In my reading and viewing about Sondheim in recent years, I have come across some wonderful videos. The HBO special Six by Sondheim (which I've watched multiple times) is fascinating. I still can't wrap my head around the story he tells about his mother and her lack of maternal instinct. She sends him a letter as he's beginning to achieve success and says something to the effect that her only regret is giving him birth! Not sure how anyone deals with that, but obviously Sondheim channeled his emotions into art. The intensity of human feelings is probably best seen in this clip from Sondheim's 1970 show Company. Dean Jones, who was only in the show briefly, plays Bobby, who celebrates his 35th birthday by pondering his life at the midway point. Jones gives a breathtaking interpretation of the song "Being Alive", one of Sondheim's greatest musical achievements.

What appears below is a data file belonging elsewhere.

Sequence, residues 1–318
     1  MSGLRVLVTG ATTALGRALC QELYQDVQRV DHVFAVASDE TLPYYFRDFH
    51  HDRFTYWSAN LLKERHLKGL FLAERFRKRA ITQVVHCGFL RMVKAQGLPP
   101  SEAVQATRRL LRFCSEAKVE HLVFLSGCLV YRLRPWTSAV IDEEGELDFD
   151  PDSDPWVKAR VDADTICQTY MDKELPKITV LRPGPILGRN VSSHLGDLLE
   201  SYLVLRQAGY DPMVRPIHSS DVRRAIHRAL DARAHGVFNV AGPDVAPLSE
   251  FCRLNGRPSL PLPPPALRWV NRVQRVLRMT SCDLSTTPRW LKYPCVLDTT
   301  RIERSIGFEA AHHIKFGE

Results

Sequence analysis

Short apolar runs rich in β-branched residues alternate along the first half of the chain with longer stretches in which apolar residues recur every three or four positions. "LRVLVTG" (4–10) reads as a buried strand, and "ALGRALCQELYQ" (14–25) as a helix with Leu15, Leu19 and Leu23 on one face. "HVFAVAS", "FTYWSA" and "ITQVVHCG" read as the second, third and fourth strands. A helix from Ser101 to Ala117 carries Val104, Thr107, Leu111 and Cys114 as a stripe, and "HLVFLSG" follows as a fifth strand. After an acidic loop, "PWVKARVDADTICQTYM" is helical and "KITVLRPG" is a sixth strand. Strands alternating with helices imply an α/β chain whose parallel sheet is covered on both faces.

Sondheim is a gray eminence now, and he has been wonderful as a mentor to others just as he was the beneficiary of Oscar Hammerstein II's tutelage when he was a youth. He is the link between the classical musical theatre to the contemporary. He spans the period from West Side Story (lyrics) Gypsy (lyrics) and A Funny Thing Happened on the Way to the Forum (music and lyrics) to the period of the experimental and conceptual musicals of the 70s (e.g. Company, Sweeney Todd) to the present. He is planning to unveil his latest musical, an adaptation of two surrealist films (The Discreet Charm of the Bourgeoisie and The Exterminating Angel) by the legendary director Luis Bunuel at the Public Theatre shortly. He has also composed some new tunes for the film version of Into the Woods to be released this Christmas. He's 84! If you are interested and willing to sit and get some history and dirt on the musical theatre, check out the links below. The first is the HBO Documentary Six by Sondheim, an analysis of the man's accomplishments through the prism of six of his songs. It's well worth the time investment. (Here is the YouTube link if it's blocked: https://www.youtube.com/watch?v=PGkj3ljFGs8. ) The second video (sorry about its pixelated resolution) explains in elaborate detail how Sondheim and his partner James Lapine constructed Into the Woods. Speaking of which, a new production of Into the Woods will be appearing on Broadway this spring. Order your tickets today! (Update: This production was most enjoyable--a stripped-down version with a small cast. It went on a national tour after its New York appearance).